Class III lies: I call these BHAL’s (Big Hairy Audacious Lies), because of their potential to directly and significantly influence a customer’s buying decision. Lies that obscure the true cost of procurement or operations. Lies that patently overstate the capability of a product, or promise a result that can never be delivered. The Fyre Festival debacle resulted from a series of Class III lies.

If your business objective is to instill ethics and integrity in your biz-dev organization, don’t fret over Class I lies. Just keep your eye on them to make sure they don’t become more serious. Propagating Class II and Class III lies, on the other hand, substantially increase business and stakeholder risks, and they must be carefully managed. Here are some important practices:

  1. Recognize that honesty and truth are subject to interpretation, and there’s often ambiguity in selling situations.
  2. Model ethical, honest behavior from the top echelons of the company. Executives who are not vocal proponents, or who are not rigorous about their own honest conduct cannot expect any different from employees.
  3. Encourage internal discussions among staff about what they encounter in sales and marketing situations, and how they make choices.
  4. Offer guidelines to staff when rules don’t fit. Avoid vague requests like “don’t be too salesy,” or “don’t over-promise.” Instead, ask your staff to think about what’s ethical in selling, and to always consider, “what is the right thing to do?”
  5. Don’t penalize honesty by creating conflict. It happens more than companies realize. If Wells Fargo taught us anything, it’s that a salesperson should never have to decide between being honest with customers, or keeping his or her job.
  6. Provide clarity for what’s restricted by documenting them in writing, and reviewing them routinely with your staff. The Class III lies that significantly influence customer decisions, that directly contradict product specifications or contract terms, that inflate or falsify an employee’s credentials. The restrictions should also include what can – and cannot – be said about competitors, performance benchmarking data, pricing commitments, and other financial disclosures.

P. T. Barnum, one of the greatest salespeople who ever lived, was adamantly against fraudulent selling, but he recognized the subtle nuances about honesty and lying:

“An honest man who arrests public attention will be called a “humbug,”‘ but he is not a swindler or an impostor. If, however, after attracting crowds of customers by his unique displays, a man foolishly fails to give them a full equivalent for their money, they never patronize him a second time, but they very properly denounce him as a swindler, a cheat, an impostor; they do not, however, call him a ‘humbug.’ He fails, not because he advertises his wares in an [outrageous] manner, but because, after attracting crowds of patrons, he stupidly and wickedly cheats them.”

As Broughton observed, “There is evidently a line here somewhere between humbug and deception, between Barnumesque hype and outright lies, between reading your customers to give them what they need and exploiting their weakness to your own advantage.”

I hope the “never lie” proponents figure that out.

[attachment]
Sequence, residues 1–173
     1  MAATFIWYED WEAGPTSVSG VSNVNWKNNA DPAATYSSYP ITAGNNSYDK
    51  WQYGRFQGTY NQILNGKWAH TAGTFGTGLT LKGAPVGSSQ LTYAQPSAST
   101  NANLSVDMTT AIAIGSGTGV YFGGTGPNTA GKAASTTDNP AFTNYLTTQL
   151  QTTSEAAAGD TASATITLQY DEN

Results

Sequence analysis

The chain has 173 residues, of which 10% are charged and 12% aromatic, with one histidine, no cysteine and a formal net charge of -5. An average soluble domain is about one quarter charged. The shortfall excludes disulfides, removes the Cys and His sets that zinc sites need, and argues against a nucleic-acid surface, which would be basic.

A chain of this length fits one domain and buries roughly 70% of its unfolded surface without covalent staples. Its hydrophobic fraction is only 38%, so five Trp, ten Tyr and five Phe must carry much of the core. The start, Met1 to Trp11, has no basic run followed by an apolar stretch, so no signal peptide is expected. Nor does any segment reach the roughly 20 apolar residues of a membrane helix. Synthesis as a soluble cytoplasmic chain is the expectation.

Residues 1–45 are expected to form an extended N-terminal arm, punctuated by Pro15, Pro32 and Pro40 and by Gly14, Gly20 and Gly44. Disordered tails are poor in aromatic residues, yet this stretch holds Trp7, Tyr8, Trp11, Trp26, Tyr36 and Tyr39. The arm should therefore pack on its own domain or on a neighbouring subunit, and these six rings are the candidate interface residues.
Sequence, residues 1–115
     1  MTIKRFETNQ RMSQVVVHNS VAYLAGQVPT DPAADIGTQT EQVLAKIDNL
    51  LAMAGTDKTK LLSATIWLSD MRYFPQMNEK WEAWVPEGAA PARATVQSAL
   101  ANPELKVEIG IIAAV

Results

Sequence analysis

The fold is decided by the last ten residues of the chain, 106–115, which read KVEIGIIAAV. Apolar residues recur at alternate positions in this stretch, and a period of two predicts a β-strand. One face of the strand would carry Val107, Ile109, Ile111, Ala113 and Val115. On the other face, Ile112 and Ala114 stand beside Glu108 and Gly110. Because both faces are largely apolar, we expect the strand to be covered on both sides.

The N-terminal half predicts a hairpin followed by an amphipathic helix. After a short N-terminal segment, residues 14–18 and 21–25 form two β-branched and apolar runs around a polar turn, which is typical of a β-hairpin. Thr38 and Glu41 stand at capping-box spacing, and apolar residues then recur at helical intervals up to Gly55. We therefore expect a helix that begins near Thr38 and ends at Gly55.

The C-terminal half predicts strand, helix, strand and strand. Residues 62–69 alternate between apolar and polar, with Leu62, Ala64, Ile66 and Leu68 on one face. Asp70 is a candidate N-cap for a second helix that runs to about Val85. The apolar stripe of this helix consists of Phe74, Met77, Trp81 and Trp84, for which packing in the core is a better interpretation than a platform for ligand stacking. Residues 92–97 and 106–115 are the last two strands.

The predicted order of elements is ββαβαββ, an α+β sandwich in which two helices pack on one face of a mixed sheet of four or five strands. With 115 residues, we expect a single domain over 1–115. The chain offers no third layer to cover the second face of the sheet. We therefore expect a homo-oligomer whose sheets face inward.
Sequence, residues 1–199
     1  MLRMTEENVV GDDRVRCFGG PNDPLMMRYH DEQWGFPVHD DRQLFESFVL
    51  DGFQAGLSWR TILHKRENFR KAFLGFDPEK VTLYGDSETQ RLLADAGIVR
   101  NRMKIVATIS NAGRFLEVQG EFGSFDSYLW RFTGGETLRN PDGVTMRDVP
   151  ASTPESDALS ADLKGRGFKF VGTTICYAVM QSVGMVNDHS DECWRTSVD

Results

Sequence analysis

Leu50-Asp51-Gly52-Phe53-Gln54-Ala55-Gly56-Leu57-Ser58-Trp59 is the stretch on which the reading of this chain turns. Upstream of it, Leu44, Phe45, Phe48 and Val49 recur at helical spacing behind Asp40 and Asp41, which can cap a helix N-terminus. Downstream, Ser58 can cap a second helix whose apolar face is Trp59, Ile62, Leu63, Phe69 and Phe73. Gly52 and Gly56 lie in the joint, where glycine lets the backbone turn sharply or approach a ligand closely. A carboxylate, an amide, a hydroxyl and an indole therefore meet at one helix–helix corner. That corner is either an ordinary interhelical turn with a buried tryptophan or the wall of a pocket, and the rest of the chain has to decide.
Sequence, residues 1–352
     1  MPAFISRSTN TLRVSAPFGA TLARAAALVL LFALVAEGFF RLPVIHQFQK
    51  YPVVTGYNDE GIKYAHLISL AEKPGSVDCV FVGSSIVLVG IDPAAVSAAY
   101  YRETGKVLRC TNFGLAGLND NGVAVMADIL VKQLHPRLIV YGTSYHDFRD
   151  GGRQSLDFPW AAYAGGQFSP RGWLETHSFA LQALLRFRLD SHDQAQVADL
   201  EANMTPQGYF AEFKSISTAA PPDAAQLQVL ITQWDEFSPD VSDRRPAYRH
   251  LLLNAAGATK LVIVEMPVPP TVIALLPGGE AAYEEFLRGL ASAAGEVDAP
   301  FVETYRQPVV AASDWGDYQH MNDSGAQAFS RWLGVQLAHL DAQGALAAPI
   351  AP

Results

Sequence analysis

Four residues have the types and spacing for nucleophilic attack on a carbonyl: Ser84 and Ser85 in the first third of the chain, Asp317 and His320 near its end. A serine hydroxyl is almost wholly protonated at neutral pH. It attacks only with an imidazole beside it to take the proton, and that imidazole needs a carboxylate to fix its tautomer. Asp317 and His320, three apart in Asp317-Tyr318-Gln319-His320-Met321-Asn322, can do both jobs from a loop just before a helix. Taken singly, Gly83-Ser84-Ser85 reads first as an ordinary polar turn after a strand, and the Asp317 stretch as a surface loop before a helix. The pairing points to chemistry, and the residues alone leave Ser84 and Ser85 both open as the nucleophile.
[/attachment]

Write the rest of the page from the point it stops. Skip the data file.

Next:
Should Companies Stop Worshiping Sales Rock Stars?

“Can you find us a sales rep? And not just any rep. We want a rock star!” An ordinary request for something truly extraordinary. I hear it often. Lately, I began to wonder, what does this honorific mean?

I searched online for sales rock star, and received a deluge of results. 23,800 of them, if you’re into numbers.

How to Find Your Next Sales Rockstar

Be an Inside Sales Rockstar

How to Be a Sales Call Rockstar

And, From Sales Rookie to Enterprise Sales Rockstar.

I found a YouTube video, How to be a phone sales Rockstar. It’s over 90 minutes long, with 1,276 views. Oddly, just one Like.

I dove further into the results by clicking on random links. Many were for job opportunities like this:

“Business Development Sales Rockstar Jobs in Connecticut.” The position stipulates “Other Must Have’s: Ability to sit for extended periods of time at a desk, in meetings, etc. . .” Oh, baby! How many candidates applied?

There’s a definitive book on the topic, Sales ROCKSTAR: How Top Producers Perform by Jeff Krantz. You can find it on Amazon, which offers an expectedly salesy blurb:

“This book was written for those who want to become ultra Top Producers in the profession of selling. It has been developed for those who desire the lifestyle that only a successful sales career can afford.”

Questions for the copywriter: Is it necessary to modify top producers with ultra? And which lifestyle are you referring to? The retirement you’re planning while burning out as a micro-managed, bag-carrying road warrior, shackled by a thin thread of job security?

I even discovered yet another usurpation of the Keep Calm mantra: Keep Calm and be a Sales Rockstar.

This was getting weird. The last straw was an article, The Seven Absolute Must Have’s to Become a B2B Sales Rockstar. The title leaves no room for dissent. Had the writer been interested, I would have questioned why honesty, ethical integrity, humility, and empathy don’t appear on his list of essentials.

About 45 minutes into my rock star investigation, my head hit the keyboard. I was appalled by what I read, and felt no closer to an answer. The most consistent idea I gleaned about sales rock stars was that they achieve high ratios of revenue compared to goal. Lots of unanswered questions remained. How difficult were the goals? Were they impossibly high, or ridiculously low? Are rock stars better at exploiting serendipity? Are they more immune to black swan calamities? How long do rock stars remain rock stars? Forever? Or like many professionals, is their performance subject to ups and downs?